is this the right way of solving it a rad(r-h) =(r omega)square ? at this point finding r becomes difficult and I can't solve for r any advice ?

Jimmy84 said:
is this the right way of solving it a rad(r-h) =(r omega)square ? at this point finding r becomes difficult and I can't solve for r any advice ?

You only need to consider circular motion equations. The centripetal acceleration is dependent on two parameters: ω and r. ω is the angular velocity at which the space station spins. The linear (tangential) velocity for rotation speed ω at radius r is ωr, if you find that must work with the linear equations; I think though that you'll find the rotational motion equations more direct.

The problem statement is very skimpy on given conditions. For example, they don't specify if there is a desired acceleration value that should be met be at the astronaut's feet. Should it be g to simulate Earth's gravity? Or, is there a required rotation rate?

You can write an equation for the centripetal acceleration at the astronaut's feet and another for the acceleration at his head, and set the difference between them to the desired 100/g. (HINT: centripetal acceleration is ω2r) Then you need to consider your assumptions. Should the acceleration at the periphery of the station be g? Some fraction of g? If so you can specify the relationship between r and ω (use the centripetal acceleration formula again) and replace ω with an appropriate substitution.

Last edited:
gneill said:

As already stated, the question is terribly worded, is there any more information or is that all that is given to you?

Right now you should have three equations

$$a_{c}(r) = {\omega}_{r}^{2}r$$
and
$$a_{c}(r-h) = {\omega}_{r-h}^{2}(r-h)$$
and
$$a_{c}(r-h) - a_{c}(r) = \frac{g}{100}$$

From there you'll want to solve for r in terms of h and ${\omega}_{i}$

## 1. What is uniform circular motion?

Uniform circular motion is a type of motion in which an object moves in a circular path at a constant speed. This means that the object covers the same distance in the same amount of time.

## 2. How is uniform circular motion different from linear motion?

In uniform circular motion, the object moves in a circular path, while in linear motion, the object moves in a straight line. Additionally, in uniform circular motion, the speed of the object remains constant, while in linear motion, the speed can vary.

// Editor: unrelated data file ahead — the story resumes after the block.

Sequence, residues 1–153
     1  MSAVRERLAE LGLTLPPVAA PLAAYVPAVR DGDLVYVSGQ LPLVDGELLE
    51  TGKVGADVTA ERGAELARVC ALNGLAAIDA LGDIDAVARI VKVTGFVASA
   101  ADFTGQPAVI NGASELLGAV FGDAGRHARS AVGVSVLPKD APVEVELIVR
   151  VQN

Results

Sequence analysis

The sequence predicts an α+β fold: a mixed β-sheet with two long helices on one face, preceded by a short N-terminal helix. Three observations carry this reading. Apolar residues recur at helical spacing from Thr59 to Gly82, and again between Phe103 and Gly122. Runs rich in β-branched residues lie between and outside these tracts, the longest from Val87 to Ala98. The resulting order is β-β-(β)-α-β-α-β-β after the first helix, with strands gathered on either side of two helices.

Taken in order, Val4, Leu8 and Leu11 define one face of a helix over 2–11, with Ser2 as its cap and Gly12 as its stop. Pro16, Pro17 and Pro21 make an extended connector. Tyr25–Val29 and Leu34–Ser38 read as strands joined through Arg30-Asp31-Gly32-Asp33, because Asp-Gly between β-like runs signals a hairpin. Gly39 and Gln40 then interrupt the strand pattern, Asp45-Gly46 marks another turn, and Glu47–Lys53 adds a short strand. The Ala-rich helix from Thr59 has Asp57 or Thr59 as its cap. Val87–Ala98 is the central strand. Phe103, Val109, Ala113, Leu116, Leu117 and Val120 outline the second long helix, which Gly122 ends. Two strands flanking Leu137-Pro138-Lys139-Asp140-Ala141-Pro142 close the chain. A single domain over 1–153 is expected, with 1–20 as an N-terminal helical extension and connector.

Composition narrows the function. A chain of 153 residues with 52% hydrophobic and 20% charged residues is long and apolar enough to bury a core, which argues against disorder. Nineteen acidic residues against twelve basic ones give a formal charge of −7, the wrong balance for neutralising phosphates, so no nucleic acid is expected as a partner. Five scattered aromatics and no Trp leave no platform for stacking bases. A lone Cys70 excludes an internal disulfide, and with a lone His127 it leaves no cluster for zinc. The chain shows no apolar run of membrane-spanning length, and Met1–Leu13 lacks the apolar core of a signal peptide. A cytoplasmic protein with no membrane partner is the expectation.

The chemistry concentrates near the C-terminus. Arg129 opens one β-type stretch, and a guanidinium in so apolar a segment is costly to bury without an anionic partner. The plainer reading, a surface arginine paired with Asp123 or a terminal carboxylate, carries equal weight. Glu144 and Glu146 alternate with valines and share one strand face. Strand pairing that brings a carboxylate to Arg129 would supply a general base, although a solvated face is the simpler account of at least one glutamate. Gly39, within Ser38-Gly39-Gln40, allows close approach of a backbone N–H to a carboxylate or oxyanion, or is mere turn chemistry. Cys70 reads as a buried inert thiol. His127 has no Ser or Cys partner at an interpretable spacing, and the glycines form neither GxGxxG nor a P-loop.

## 3. What is the role of centripetal force in uniform circular motion?

Centripetal force is the force that keeps an object moving in a circular path. It acts towards the center of the circle and is necessary to maintain the object's constant speed. Without centripetal force, the object would move in a straight line tangent to the circle.

## 4. How is the period of uniform circular motion related to the radius of the circle?

The period of uniform circular motion is directly proportional to the radius of the circle. This means that as the radius increases, the period also increases, and vice versa. This relationship can be represented by the equation T = 2πr/v, where T is the period, r is the radius, and v is the speed of the object.

## 5. How can I calculate the speed of an object in uniform circular motion?

The speed of an object in uniform circular motion can be calculated using the equation v = 2πr/T, where v is the speed, r is the radius, and T is the period. This equation is derived from the relationship between speed, distance, and time, and is also known as the tangential speed formula.

• Introductory Physics Homework Help
Replies
12
Views
2K
• Introductory Physics Homework Help
Replies
10
Views
2K
• Introductory Physics Homework Help
Replies
2
Views
1K
• Introductory Physics Homework Help
Replies
3
Views
2K
• Introductory Physics Homework Help
Replies
38
Views
3K
• Introductory Physics Homework Help
Replies
1
Views
1K
• Mechanics
Replies
23
Views
2K
• Introductory Physics Homework Help
Replies
1
Views
1K
• Introductory Physics Homework Help
Replies
4
Views
1K
• Introductory Physics Homework Help
Replies
23
Views
471